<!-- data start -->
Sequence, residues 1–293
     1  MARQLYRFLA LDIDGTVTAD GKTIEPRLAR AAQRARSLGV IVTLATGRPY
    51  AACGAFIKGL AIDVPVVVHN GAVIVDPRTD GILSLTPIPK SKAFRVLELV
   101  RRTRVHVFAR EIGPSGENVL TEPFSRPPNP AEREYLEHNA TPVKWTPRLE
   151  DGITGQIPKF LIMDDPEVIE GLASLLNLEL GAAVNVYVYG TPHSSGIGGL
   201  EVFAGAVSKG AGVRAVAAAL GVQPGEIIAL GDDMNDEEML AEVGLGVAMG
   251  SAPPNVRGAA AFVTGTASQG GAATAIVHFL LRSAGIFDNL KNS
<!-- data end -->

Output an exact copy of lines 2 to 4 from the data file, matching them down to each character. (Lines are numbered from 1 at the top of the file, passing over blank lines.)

     1  MARQLYRFLA LDIDGTVTAD GKTIEPRLAR AAQRARSLGV IVTLATGRPY
    51  AACGAFIKGL AIDVPVVVHN GAVIVDPRTD GILSLTPIPK SKAFRVLELV
   101  RRTRVHVFAR EIGPSGENVL TEPFSRPPNP AEREYLEHNA TPVKWTPRLE